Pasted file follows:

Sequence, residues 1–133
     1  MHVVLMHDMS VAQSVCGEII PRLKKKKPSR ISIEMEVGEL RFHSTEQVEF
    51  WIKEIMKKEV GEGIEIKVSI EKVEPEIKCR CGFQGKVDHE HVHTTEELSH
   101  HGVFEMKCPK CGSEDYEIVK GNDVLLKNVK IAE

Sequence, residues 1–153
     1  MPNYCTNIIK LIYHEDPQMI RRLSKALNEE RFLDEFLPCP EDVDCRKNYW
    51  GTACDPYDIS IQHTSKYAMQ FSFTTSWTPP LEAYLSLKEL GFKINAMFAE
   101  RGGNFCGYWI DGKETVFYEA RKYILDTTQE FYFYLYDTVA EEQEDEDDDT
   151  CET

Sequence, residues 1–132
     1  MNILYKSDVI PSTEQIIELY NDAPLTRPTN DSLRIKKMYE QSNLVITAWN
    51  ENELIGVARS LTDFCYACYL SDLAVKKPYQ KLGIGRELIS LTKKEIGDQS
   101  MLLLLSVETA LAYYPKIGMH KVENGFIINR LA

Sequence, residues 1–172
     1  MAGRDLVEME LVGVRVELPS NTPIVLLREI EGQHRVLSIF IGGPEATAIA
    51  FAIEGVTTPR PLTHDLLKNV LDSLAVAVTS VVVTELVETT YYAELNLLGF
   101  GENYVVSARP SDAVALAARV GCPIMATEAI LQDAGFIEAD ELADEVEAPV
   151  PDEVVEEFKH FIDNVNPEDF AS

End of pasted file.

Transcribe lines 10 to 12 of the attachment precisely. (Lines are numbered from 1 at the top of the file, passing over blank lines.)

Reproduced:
Sequence, residues 1–132
     1  MNILYKSDVI PSTEQIIELY NDAPLTRPTN DSLRIKKMYE QSNLVITAWN
    51  ENELIGVARS LTDFCYACYL SDLAVKKPYQ KLGIGRELIS LTKKEIGDQS